Furthermore, Hizbullah's strong-arm tactics in Beirut have delivered a serious blow to the carefully nurtured image of nobility surrounding the "resistance" against Israel. Hizbullah's leaders have always maintained that its military wing was directed against Israel and that its weapons would never be used internally against domestic opponents. True, Hizbullah has also warned repeatedly of a tough response to any attempts to emasculate its military wing, but, for most Lebanese, the sanctity of resistance today rings hollow after watching Hizbullah men battling Sunnis in Beirut and Druze in the Aley district.

The Doha agreement calls for a dialogue on Hizbullah's weapons to be hosted by President Michel Suleiman, who was elected on Sunday. For the March 14 coalition, smarting from the blow inflicted by Hizbullah in Beirut, finding a means of hobbling the Shiite party's ability to employ its weapons tops the political agenda in the coming weeks. But the March 14 bloc has little margin for maneuver before a Hizbullah that resolutely refuses to disarm and has demonstrated in stunning fashion a willingness to use force to protect its resistance
priority. Hizbullah will continue to evoke its argument that its military wing remains a vital component in a national defense strategy against Israeli aggression, and that while it is willing to coordinate with the Lebanese Army it must retain its own chain of command.

Nonetheless, there is potential for compromises if both sides show a degree of flexibility. A useful first step would be to implement the agreement reached during the 2006 national dialogue sessions to regulate the arms held by Palestinian groups. That would mean shutting down the handful of military bases, mainly in the Bekaa Valley, manned by pro-Damascus groups such as the Popular Front for the Liberation of Palestine-General Command and Fatah Intifada. Hizbullah would earn itself some valuable good will if it agreed not to block such a move.

Nicholas Blanford is a Beirut-based journalist and author of "Killing Mr. Lebanon: The Assassination of Rafik Hariri and Its Impact on the Middle East."
Lebanese prime minister and Hariri Inc. lackey Fuad Siniora shakes hands with the Neoconservative U.S. Secretary of State, Soviet specialist Condoleeza Rice.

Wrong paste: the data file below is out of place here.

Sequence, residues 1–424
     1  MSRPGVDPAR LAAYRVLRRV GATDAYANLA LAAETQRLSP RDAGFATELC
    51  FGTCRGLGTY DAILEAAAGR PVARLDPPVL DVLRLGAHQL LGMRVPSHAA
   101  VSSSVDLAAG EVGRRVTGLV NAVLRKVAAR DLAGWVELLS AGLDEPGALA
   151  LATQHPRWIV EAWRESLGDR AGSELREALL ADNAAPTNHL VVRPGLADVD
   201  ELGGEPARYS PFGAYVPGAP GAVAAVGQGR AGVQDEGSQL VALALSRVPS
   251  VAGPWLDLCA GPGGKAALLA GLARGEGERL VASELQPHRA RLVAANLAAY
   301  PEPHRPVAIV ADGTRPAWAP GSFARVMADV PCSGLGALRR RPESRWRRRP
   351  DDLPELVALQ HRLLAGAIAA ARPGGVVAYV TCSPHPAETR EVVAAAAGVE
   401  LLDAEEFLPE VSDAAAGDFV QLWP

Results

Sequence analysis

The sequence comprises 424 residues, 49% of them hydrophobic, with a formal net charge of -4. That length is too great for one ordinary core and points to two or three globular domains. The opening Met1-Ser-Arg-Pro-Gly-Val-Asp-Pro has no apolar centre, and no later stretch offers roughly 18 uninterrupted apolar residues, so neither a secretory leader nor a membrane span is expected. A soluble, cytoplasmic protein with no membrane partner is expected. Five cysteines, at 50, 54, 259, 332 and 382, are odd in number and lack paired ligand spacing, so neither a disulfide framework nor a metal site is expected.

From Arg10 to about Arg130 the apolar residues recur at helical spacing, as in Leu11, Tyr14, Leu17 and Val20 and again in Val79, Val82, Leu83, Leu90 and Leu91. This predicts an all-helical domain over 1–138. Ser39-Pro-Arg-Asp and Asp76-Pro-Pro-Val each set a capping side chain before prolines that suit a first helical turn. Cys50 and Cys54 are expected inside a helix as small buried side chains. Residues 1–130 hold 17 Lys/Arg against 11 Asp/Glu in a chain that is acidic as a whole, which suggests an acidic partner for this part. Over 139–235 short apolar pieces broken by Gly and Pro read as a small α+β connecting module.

Lebanon: The Major Political Parties
*2 Major factions:
(1) March 14 Movement. Pro-government and backed politically and financially by the U.S., Saudi Arabia, Egypt, Jordan, and other Sunni Arab autocracies.
(2) March 8 National Opposition coalition. Opposed to the current Lebanese government majority (the March 14 coalition). The three largest parties in the coalition are Hizbu'llah, AMAL, and the Free Patriotic Movement.
Tayyar al-Mustaqbal (Future Movement), the political party of Hariri Inc. Backbone party of the March 14 Movement (the U.S. and Saudi-backed pro-government faction.)
Hizbu'llah, the largest Shi'i party headed by Sayyid Hassan Nasrallah. One of the backbones, with AMAL, of the March 8 National Opposition movement.
Lebanese Forces, militant Maronite party headed by convicted war criminal Samir Ja'Ja; formerly a faction in the Phalange Party of the Gemayel family, who conspired with Israel to set up a pro-Israeli Maronite government in Lebanon. Member of the March 14 pro-government coalition.
AMAL (Afwaaj al-Muqawama al-Lubnaniyya), the Shi'i party founded under the auspices of Imam Musa al-Sadr in 1975 and currently headed by Lebanese Parliament Speaker Nabih Berri. Backbone, with Hizbu'llah, of the March 8 National Opposition coalition.

Free Patriotic Movement, headed by former General Michel Aoun, a powerful Maronite politician. Member of the March 8 National Opposition coalition.

Syrian Social Nationalist Party. Member of the March 8 National Opposition coalition.

Progressive Socialist Party, the largest and most powerful Druze political party headed by the Hobbit, Walid Jumblatt who is currently anti-Syria. In the past, he has been very much pro-Syrian. Jumblatt is an adept politician and switches alliances frequently. Member of the March 14 pro-government coalition.